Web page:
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Mike Becker's Service to the Victorian Breeding Industry

Victorian breeding industry stalwart Mike Becker was the recipient of the 2023 Inglis Service To Industry Award for his long and outstanding service and dedication to the state’s breeding.

Becker’s career in Victoria began in 1989 when offered the lead role at Stockwell Stud, moving his young family to Melbourne on the back of an opportunity to work with Jim O’Connor in South Australia.

“I’d been in South Australia for four years and this farm (Stockwell) has just changed hands and I got a call to see if I’d come across,” Becker said.

“I remember it well. I got here in the middle of June in ’89 and I had never been to a colder place in my life.

“Four young kids, a dog and a cat and away we went.”

Champion racehorse Our Poetic Prince was purchased by the farm owners to stand as Stockwell Stud’s foundation stallion, and he was the ‘boom’ first season sire when initially purchased.

Over 100 mares were booked to Our Poetic Prince in his first season. However, the EHV-1 Herpes Virus went rampant across the farm in the same year, claiming the pregnancies of half the broodmares on site, and resulting in a loss of over half Our Poetic Prince’s first season bookings.

“The people who bought the stud had also bought the good colt Our Poetic Prince from the year before as their foundation stallion,” Becker said.

“We lasted about three years here, but got off to a disastrous start.

“There were 42 pregnant mares on the farm and about two weeks later we had a mare abort. She came back positive to EHV-1, and this was a year with a major outbreak of the virus. We finished up losing exactly half of the pregnancies that were on the farm in about a three-month period.

“Our Poetic Prince was the champion racehorse and was the go-to stallion in his first season with 110 very nice mares booked. However, because we’d had that virus, we were taboo, nobody wanted to come near the place with their mares.

“Poor old ‘Poey’ ended up covering 45 or 50 very meagre mares mostly owned by the people who owned the farm, and this ultimately destroyed his career.”

In 1992, Becker launched the Independent Stallion Station, located just down the road from Stockwell Stud (subsequently purchased by Emirates), at the Trescowthick family’s property.

This set-up was rarely seen in the country, and was heavily supported by the owner-breeder market, which Becker mentioned is not what today’s market offers.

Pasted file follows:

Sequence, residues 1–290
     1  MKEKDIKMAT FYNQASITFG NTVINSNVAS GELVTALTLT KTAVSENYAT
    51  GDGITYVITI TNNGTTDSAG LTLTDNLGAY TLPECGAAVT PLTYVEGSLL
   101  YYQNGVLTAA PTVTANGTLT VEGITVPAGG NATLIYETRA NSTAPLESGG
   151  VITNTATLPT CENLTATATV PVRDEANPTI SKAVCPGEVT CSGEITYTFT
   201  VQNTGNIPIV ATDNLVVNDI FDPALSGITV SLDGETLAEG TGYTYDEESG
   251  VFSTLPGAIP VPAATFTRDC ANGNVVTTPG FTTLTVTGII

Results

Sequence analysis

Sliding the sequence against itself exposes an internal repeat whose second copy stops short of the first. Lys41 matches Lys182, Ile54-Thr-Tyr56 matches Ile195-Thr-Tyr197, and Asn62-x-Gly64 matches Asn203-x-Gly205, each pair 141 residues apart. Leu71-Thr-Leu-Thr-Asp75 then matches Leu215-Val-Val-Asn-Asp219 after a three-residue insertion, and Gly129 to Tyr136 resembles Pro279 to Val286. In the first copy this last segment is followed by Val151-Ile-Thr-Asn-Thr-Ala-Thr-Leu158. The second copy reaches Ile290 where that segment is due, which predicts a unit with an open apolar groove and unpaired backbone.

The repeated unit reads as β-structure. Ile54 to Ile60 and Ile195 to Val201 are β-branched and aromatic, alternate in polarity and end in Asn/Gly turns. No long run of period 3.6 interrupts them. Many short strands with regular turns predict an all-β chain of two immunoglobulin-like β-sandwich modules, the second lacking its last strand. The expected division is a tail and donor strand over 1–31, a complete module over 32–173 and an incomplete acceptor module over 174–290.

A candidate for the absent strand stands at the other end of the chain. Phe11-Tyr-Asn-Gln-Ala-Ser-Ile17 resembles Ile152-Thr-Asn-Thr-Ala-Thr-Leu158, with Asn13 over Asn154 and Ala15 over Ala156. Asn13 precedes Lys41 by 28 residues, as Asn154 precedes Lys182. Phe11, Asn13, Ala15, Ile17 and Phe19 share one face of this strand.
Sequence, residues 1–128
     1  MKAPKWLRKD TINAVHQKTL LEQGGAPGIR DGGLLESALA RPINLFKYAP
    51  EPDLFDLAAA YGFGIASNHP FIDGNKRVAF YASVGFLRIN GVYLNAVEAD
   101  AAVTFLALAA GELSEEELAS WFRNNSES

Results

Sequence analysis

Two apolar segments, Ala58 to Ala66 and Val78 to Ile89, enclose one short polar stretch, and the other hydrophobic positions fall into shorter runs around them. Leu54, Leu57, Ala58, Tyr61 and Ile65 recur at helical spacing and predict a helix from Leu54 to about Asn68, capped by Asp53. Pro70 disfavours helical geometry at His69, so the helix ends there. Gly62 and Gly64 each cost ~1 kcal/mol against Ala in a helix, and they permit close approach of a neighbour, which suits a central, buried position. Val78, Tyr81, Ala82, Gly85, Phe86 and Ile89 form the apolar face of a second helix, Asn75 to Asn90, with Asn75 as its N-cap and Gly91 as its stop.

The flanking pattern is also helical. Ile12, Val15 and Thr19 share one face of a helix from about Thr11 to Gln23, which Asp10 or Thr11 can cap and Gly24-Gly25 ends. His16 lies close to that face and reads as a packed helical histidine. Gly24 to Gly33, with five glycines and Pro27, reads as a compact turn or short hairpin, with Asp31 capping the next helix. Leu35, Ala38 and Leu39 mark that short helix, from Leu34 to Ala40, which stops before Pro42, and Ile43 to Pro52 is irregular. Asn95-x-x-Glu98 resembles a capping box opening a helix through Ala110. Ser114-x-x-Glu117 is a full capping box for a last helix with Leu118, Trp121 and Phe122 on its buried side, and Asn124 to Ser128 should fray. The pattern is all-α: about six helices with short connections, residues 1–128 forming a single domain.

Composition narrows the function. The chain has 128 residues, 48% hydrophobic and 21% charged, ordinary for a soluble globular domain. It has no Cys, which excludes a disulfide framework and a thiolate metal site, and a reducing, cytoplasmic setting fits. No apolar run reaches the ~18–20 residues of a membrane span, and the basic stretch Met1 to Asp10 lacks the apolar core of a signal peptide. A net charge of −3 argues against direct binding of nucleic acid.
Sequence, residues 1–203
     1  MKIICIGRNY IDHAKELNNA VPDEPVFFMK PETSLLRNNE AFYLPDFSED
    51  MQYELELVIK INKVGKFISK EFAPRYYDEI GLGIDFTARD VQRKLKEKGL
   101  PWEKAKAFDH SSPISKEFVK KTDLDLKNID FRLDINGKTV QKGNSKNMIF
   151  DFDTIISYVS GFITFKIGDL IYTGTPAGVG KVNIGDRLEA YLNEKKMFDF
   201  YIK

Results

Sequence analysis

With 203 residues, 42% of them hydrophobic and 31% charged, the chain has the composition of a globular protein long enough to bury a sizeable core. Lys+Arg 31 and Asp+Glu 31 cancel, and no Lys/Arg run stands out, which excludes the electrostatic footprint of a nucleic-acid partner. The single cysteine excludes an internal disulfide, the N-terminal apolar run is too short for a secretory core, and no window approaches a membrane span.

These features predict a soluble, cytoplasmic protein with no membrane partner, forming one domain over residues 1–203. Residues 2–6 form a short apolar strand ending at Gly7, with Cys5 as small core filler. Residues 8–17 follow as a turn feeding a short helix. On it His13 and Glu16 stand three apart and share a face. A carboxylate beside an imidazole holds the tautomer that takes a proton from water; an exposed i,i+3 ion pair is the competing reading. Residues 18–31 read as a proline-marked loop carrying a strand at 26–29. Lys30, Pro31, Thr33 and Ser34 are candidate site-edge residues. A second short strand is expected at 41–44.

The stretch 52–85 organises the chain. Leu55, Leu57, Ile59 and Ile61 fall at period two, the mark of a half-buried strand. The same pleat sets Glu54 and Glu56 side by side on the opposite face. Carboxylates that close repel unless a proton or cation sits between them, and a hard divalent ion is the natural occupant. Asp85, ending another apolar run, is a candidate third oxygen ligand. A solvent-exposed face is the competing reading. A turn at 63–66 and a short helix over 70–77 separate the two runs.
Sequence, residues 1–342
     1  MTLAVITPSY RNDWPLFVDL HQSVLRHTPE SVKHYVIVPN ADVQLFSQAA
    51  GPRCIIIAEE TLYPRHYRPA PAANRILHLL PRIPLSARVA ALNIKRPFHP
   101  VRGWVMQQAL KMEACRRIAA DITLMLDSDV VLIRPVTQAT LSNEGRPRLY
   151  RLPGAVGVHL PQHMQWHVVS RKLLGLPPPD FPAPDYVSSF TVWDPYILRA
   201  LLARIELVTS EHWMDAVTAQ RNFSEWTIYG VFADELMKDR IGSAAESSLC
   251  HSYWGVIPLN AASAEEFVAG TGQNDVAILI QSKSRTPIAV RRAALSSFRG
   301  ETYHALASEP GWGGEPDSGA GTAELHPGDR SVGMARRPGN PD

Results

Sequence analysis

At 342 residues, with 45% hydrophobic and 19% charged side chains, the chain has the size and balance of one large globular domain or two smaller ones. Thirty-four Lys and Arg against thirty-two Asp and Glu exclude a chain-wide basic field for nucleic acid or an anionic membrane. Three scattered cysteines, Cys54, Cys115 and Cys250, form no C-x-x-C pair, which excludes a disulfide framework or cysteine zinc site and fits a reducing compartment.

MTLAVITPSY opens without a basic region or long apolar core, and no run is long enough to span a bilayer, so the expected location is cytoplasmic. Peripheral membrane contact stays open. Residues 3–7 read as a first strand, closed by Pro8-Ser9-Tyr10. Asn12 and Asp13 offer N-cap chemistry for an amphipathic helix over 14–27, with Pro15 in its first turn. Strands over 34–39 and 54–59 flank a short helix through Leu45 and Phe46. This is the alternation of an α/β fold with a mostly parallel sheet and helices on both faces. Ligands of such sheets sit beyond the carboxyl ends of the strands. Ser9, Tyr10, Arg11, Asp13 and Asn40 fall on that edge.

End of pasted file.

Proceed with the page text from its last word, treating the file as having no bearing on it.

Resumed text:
“There were about 20 investors that came in to fund the operation, quite a cross-section of new and old breeders from across the state,” Becker said.

“It took off and it grew really well, ultimately ending up with 11 stallions at one stage covering huge numbers of mares and running a big number of staff.

“We kept it going through until 2004, and I think by then I was getting pretty jaded, concentrating so heavily on the stallions and not investing in a lot of mares.

“We did (prep) yearlings and foals. We were one of the first to start foal sales.

“There is a big auditorium on that property so we used to bring them all in and prep them up. Magic Millions used to come down and sell them for us, receiving some good results at a time where people didn’t really accept foal sales.

“Sadly, the owner-breeder market is now gone, but that is what our business was branded around with our affordable service fees in those days.”

Where the Victorian breeding journey began was where it led to once again. In 2007, Becker moved back to Emirates and re-namedthe property to Stockwell Thoroughbreds.

Becker stood the likes of Al Maher, Brief Truce, Arazi, and a personal favourite Artie Schiller, who is now retired from his stallion duties and is still owned by Becker, in partnership with his son Brodie.

Since then, Brodie and his wife Rowena have taken the business on, while Becker ensures he is hard at work, in a ‘backseat’ role.

“I have taken a backseat role, doing some of the more mundane job,” Becker chuckled.

“I keep very involved and still put in a week’s work, but Brodie is not of a mind to go ahead with the stallions and I don’t blame him.”

Becker also spent eight years as the President of Thoroughbred Breeders Victoria, putting Victoria back on the map as one of Australia’s premier breeding states.

Becker pushed hard for the success of Victoria-based stallions, including Encosta De Lago , prior to the stallion being relocated to the Hunter Valley, and Rubiton, after being purchased by Phil and Patti Campbell from New South Wales.

“The year I became President of Thoroughbred Breeders Victoria, the Melbourne yearling sale averaged less than Adelaide,” he stated.

“There was panic and people were leaving businesses, but I have seen that two or three times over my lifetime - when there is a recession, everyone just heads for the door, but of course the money always comes back.

“Our focus at that time was to promote the state as we still managed to produce a lot of very good horses.

“For the pool we were working with, we could see Victoria was more than batting above its weight. It was just not capturing the commercial appeal of the yearling market.

“It started back then, but the level of investment in Victoria has never been greater with the likes of Yulong investing at an unprecedented level or Widden wanting to set-up in Victoria.

“We were running with the ‘V for Victory’ campaign at one stage, promoting what the state was doing and this was all helped by horses like Encosta De Lago, Testa Rossa and the like.

“It was the fact that Encosta’s best horses were produced in Victoria and Rubiton’s best horses were produced in Victoria, this is what we were able to promote and that has led to some of Australia’s biggest players setting up in this state.”

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